The parties dispute how fast Jason advanced on the officers, his type of walk, and what he was doing with the pool cues as he walked. But, it is undisputed that Jason came out of the house with sticks in both hands, sticks that turned out to be the two halves of a pool cue. It is undisputed that pool sticks can be used as a dangerous instrument or deadly weapon. (Doc. 75-9 at 53.) Lt. Bayne described Jason as he emerged from the house:

I see... the suspect standing in the doorway with the light... background behind him. And he has two sticks in his hands. And he is standing in a martial arts type position. He's got the sticks back, like, resting on his shoulders and the first thing I notice is he's got stare that... I've seen before with people who are on... under the influence of mind altering drugs... but it was a stare where he was looking right through us and... he had a very determined look on his face and, like... he was going to fight us. And it was very clear in my mind that he had intentions of walking at us down that walkway and aggressing us before he even started moving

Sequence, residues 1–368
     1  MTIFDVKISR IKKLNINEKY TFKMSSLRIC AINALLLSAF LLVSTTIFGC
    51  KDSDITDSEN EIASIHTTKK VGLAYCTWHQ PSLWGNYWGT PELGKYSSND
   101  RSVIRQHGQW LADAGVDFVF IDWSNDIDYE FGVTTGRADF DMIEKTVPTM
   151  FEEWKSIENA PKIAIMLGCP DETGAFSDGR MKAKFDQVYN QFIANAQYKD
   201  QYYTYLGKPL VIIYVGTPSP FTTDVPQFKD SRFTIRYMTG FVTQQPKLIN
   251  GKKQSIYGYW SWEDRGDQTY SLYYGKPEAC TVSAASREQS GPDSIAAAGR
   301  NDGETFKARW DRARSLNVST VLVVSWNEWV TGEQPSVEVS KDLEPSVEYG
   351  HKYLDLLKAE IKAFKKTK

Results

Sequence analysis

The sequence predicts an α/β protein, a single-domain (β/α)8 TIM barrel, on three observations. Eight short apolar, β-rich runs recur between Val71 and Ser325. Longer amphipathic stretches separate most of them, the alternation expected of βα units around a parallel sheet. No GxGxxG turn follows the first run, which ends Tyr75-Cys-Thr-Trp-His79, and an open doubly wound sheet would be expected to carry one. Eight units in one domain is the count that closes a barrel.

(Id. at 74-75.) The other officers also commented on Jason's determined stare. (Doc. 75 at 46-49.) Officer Reynolds stated: "He was - it was one of the - the scariest, live facial expressions I've seen since I've been on the job.... almost like he... had a mission, and he didn't care what was going on." (Doc. 75-6 at 131.) It is further undisputed that Officer Sanborn yelled numerous warnings to Jason to stop and drop his weapons but that Jason continued his straight-ahead advance on the officers. It is undisputed that when Jason came out of the front door it remained partially open, which shed some of the light from the house on Jason as he walked down the sidewalk toward the officers. Otherwise it is undisputed that it was extremely dark outside, with no moonlight, no streetlights, or outside houselights shedding light on the scene.